I’m driving down a steep cliff, in a car that isn’t my own, on a road I’ve never been in Cypress Hills Saskatchewan, over terrain that looks far too rough for the vehicle I’m in. I’m not exactly sure where I am and I’m not exactly sure if I’ll get out. I feel lost.
I have a love/hate relationship with that terrifying feeling of being lost. You know, the one that sits deep in your gut. The uncertain feeling that only comes when you are questioning just about everything. I hate the feeling because it sucks to be in that position. It sucks to have no idea where you are or what’s going to happen or what to do – it’s panic. I love that feeling because it challenges my problem solving skills. I first have to take a deep breath, calm my nerves, and ask myself what’s going on.
In A Field Guide to Getting Lost author Rebecca Solnit writes, “Worry is a way to pretend that you have knowledge or control over what you don’t – and it surprises me, even in myself, how much we prefer ugly scenarios to the pure unknown.”
The feeling of being lost, of the unknown, is an inevitable one but also one we avoid. Being lost goes against our primal instinct of survival – if some things are uncertain than survival is uncertain too; or so we would believe. New York Times best-selling author Dr. Mercola writes, “Anxiety is a natural, normal response to potential threats, which puts your body into a heightened state of awareness.” The problem is that the feeling of general uncertainty alone isn’t a threat, yet we perceive it to be one. Dr. Eliot D. Cohen says we have a, “demand for certainty in a world that is always tentative and uncertain,” and that this demand is where a lot of problems arise.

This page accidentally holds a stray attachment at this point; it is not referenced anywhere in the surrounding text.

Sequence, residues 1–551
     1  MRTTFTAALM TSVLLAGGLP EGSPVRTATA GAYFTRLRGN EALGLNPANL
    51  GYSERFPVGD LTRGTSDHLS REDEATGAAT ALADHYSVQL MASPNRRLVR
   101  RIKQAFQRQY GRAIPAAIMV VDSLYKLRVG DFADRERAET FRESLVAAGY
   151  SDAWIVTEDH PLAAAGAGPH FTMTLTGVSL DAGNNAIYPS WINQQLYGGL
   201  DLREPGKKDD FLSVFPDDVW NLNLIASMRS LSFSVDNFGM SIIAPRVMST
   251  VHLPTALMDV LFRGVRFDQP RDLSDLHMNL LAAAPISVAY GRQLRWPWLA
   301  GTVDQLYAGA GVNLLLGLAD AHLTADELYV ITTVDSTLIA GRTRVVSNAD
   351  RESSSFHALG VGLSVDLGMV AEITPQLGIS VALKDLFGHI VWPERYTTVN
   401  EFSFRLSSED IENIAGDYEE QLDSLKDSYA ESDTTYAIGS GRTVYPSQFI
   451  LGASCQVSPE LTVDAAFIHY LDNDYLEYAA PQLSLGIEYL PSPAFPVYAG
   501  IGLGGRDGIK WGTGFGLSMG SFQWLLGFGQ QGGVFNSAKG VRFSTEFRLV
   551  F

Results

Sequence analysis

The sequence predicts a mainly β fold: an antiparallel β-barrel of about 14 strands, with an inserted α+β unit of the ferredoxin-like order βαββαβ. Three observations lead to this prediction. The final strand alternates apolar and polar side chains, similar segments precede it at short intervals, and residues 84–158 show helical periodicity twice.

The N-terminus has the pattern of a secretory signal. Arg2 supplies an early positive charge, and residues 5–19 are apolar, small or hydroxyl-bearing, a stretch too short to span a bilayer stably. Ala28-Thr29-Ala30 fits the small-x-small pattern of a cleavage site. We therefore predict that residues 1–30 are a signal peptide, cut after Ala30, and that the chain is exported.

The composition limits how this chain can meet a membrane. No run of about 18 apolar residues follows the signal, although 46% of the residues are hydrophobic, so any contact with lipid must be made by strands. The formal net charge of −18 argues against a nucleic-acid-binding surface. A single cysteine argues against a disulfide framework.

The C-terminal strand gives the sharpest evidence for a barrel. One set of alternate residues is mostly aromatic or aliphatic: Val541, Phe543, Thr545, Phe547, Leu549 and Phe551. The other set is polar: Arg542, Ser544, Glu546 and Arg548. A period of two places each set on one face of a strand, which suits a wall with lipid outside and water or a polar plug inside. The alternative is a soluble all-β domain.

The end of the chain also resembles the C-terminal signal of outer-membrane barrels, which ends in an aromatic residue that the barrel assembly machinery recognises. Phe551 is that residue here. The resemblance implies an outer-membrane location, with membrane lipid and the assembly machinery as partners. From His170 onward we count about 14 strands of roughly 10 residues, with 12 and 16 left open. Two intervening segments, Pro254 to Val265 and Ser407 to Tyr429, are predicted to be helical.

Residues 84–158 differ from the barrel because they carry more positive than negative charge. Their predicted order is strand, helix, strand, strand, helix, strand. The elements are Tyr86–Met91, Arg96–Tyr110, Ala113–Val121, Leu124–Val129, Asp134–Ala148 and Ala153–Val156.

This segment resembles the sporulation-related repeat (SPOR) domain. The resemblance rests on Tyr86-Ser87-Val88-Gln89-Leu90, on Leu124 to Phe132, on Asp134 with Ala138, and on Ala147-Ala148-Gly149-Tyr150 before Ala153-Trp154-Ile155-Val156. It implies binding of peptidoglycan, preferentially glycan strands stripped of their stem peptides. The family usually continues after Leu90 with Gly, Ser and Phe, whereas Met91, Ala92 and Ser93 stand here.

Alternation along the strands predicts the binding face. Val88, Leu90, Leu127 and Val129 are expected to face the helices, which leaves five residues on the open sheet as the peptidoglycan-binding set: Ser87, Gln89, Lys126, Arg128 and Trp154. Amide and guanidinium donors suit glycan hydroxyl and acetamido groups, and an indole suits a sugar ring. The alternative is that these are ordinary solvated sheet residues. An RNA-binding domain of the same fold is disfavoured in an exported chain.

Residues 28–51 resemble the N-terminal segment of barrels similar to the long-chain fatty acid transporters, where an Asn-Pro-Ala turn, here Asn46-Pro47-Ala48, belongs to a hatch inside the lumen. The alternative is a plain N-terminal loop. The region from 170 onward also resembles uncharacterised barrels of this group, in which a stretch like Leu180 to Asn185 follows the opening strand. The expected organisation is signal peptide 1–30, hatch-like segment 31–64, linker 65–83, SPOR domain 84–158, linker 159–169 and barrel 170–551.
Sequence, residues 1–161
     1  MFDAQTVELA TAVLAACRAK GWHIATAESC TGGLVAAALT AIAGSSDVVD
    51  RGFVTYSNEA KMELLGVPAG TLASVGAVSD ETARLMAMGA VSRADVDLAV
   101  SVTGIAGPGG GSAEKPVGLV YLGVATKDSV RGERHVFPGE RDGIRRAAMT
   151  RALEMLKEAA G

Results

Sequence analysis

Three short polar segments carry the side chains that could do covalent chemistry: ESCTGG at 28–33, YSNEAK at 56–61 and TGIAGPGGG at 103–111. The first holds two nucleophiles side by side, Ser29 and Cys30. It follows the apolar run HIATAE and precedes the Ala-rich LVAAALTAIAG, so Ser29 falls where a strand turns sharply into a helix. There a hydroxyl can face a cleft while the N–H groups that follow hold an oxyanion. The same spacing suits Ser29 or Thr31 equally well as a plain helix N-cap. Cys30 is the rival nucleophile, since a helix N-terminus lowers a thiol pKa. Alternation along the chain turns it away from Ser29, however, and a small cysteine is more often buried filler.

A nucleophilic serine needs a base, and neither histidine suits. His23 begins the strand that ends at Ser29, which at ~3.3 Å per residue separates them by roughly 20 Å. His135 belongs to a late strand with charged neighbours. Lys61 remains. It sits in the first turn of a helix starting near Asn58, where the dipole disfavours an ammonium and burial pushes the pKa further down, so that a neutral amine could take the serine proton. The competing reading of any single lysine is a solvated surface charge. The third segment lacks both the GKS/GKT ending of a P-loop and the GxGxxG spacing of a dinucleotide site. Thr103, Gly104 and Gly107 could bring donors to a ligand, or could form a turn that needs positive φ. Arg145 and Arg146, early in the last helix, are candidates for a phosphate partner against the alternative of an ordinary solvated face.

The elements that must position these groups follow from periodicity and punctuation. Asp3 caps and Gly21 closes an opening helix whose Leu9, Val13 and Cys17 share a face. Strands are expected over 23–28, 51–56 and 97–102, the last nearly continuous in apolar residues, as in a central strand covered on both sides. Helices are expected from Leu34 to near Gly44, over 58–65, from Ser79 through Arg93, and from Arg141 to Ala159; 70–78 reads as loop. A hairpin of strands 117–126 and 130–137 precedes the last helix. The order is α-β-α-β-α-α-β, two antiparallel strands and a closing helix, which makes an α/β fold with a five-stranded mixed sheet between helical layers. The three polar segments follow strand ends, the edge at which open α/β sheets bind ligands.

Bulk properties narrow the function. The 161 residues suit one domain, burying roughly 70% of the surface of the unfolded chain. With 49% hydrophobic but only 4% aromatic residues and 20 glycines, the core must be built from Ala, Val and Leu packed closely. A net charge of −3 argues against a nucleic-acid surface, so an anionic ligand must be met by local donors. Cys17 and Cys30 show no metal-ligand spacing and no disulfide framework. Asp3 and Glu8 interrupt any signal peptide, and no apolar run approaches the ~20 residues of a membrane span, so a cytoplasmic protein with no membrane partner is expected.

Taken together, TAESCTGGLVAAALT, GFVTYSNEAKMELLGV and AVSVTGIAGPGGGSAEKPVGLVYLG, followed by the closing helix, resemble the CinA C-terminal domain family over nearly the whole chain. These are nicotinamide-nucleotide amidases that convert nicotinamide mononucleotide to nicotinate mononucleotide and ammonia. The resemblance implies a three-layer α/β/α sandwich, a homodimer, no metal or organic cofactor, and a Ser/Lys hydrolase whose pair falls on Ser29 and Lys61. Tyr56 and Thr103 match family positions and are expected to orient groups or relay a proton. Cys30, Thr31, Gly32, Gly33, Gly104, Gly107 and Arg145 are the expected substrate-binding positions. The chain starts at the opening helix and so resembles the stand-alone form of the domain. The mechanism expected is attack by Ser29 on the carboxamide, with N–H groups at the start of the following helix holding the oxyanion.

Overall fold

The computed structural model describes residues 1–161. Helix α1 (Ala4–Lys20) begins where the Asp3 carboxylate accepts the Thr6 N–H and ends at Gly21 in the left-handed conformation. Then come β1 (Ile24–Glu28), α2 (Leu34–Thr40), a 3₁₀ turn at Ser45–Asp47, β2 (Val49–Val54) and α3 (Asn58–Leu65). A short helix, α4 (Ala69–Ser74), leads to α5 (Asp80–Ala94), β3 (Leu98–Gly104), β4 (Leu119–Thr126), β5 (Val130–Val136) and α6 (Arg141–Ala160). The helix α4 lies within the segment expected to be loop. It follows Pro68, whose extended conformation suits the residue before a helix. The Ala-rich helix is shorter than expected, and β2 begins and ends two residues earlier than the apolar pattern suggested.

We are exceptional at problem solving, yet when we are lost we panic and forget this. The trick is to accept this panic as a signal that something may be wrong and unsafe, but not a conclusion that things are definitely that way.
It seems there is a point on every one of The Peakbaggers summit attempts where we feel lost. A few months ago, on our second summit attempt of Ishpatina Ridge, things got pretty tense. In the dense backcountry we had lost the barely visible trail. We were 9km from the car and the terrain was wet and uneven. We were repeatedly checking our GPS just to make sure we were on the right path, and once we had come off the path things got worse. Everyone was frustrated, tensions were high, and our confidence was dwindling. I took a deep-breath, calmed my nerves, and focused on what I knew – we weren’t on the trail but were heading in the right direction, if we kept the lake on our right we’d eventually reach camp, we’re wet but we can easily dry our clothes. I tried to instil some of this confidence on the rest of the team by encouragingly shouting, “If we keep moving this way, we will intersect with the path!” And eventually, to our extreme delight, we did.
I reminded myself of this moment while driving to visit some of Saskatchewan’s highest points. In the driver’s seat I took a deep breath and told myself what I knew – we were with a guide who knew the way and if I took things slowly we would be fine. I slowed down, accepted and listened to my nerves as mere a cautionary tale – and not a reason to turn back – and kept going until we saw some of the most incredible views of Saskatchewan.
People are emotional, problem-solving creatures. Sometimes we think we have to push our emotions out of the way in order to think analytically. Getting lost forces you to balance your emotions and problem solving skills. It calls upon our sense of survival and requires focus. Practising getting lost in lower-stake situations can help both in everyday life and when things get more dire. If you’re used to feeling panic and still adapting to solve the problem, you’ll be more calm and collected, whether the situation is dealing with a computer error in a presentation or getting down a mountain.
Need help getting lost just about anywhere? Check out the mobile app Drift – it provides seemingly random instructions to help you loose yourself in familiar places.